This heavy, stepped drum, full-keyboard electric calculating machine has a metal frame painted black and green, and eight columns of black and white plastic numeral keys. The carriage is in back of the machine, with nine revolution counter wheels and sixteen result wheels. Both the revolution counter and the result register have sliding decimal markers. Digits can be set in the revolution register using thumbscrews. A bell rings when the result passes through 0.
The machine sits on a metal stand, also painted black, which holds the machine above and the motor below. The nine silver-colored metal digit keys below the keyboard toward the front of the stand are numbered from left to right. The crank for operating the machine manually is to the right of the keyboard. Left of the keyboard is a lever that can be set for addition/multiplication or subtraction/division. The cord is on the right front of the machine.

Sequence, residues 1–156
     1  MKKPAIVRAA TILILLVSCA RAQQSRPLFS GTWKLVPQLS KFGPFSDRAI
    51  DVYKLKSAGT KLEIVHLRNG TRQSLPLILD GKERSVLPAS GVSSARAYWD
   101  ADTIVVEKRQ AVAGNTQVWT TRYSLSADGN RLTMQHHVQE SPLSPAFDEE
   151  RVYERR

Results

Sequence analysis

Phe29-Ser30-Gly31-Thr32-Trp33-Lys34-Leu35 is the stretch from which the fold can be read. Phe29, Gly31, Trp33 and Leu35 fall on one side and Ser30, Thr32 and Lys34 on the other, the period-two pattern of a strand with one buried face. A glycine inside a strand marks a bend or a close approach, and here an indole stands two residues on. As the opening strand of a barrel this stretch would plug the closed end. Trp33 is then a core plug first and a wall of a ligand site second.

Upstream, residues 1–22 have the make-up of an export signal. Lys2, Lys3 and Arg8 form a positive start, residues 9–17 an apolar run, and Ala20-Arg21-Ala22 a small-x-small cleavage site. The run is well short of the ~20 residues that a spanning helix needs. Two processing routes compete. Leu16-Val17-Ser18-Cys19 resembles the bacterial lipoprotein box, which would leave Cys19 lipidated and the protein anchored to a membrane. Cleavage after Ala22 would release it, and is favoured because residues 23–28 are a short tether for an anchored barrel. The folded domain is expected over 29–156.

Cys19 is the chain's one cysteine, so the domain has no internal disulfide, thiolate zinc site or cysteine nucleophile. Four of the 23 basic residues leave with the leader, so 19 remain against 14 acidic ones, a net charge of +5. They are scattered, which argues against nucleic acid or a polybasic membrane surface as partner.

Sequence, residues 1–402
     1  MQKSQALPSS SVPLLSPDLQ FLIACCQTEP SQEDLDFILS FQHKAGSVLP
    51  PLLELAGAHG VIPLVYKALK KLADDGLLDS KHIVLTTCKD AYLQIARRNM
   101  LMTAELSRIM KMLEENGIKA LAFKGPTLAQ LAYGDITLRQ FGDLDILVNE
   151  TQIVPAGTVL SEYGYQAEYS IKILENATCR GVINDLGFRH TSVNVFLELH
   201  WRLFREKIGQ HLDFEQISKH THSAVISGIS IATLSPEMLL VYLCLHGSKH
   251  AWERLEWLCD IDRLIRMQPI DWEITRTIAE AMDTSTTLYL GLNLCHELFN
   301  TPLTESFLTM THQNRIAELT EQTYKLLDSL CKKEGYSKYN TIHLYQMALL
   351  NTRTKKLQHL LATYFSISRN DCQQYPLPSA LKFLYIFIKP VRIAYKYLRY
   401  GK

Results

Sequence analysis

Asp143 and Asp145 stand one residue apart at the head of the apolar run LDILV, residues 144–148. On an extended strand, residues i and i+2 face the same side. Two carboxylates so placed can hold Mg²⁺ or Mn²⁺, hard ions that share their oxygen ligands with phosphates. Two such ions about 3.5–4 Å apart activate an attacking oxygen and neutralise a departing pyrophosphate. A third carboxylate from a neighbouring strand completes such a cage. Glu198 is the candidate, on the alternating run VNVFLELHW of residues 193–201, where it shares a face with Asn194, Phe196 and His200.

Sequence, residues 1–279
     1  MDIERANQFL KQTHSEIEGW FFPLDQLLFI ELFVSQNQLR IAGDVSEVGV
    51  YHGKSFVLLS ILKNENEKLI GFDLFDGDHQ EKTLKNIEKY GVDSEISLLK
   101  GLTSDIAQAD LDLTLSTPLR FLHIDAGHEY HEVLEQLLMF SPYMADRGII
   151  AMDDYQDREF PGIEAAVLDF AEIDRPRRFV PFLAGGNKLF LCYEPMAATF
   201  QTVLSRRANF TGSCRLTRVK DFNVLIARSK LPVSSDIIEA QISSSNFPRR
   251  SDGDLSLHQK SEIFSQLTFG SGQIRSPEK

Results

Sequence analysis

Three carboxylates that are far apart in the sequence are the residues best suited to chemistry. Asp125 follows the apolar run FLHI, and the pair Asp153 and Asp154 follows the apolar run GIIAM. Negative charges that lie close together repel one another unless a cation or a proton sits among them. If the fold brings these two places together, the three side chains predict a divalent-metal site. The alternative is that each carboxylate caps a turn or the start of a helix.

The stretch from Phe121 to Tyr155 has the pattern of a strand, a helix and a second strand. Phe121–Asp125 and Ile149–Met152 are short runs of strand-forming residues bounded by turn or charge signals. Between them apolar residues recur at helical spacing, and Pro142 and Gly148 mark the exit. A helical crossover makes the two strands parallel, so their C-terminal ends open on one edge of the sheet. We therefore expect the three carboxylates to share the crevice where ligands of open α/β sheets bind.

A mark on the carriage reads: Ludwig Spitz & Co. (/) G.m.b.H. (/) T I M (/) TIME IS MONEY (/) TRADE MARK. A small metal tag attached below the row of metal keys at the front of the machine reads: 860. The machine is stamped on the left side underneath the carriage: 12571.
The Berlin maker Ludvig Spitz began his business offering sturdy, manually operated, stepped drum calculating machines. After World War I, he introduced key-set machines like this one. The example comes from the collections of Felt & Tarrant Manufacturing Company.
E. Martin, The Calculating Machines (die Rechenmaschinen), trans. P. A. Kidwell and M. R. Williams, Cambridge: MIT Press, 1992, pp. 191–194.
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